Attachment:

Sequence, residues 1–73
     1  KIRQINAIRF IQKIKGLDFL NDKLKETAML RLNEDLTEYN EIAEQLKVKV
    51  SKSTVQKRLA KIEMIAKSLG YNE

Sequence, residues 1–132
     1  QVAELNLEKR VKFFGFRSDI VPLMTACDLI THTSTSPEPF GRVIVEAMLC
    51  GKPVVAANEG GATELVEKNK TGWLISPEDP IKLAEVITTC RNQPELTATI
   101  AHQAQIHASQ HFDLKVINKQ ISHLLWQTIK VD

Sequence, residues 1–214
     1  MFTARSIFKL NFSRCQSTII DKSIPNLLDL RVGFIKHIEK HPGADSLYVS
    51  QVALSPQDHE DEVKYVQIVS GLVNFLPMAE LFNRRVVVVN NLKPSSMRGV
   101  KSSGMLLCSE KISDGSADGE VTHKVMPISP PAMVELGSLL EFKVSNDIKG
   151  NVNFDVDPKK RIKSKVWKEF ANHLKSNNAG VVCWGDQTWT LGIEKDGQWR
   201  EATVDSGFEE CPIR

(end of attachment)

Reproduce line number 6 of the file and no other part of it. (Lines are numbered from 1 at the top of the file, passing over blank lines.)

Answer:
    51  GKPVVAANEG GATELVEKNK TGWLISPEDP IKLAEVITTC RNQPELTATI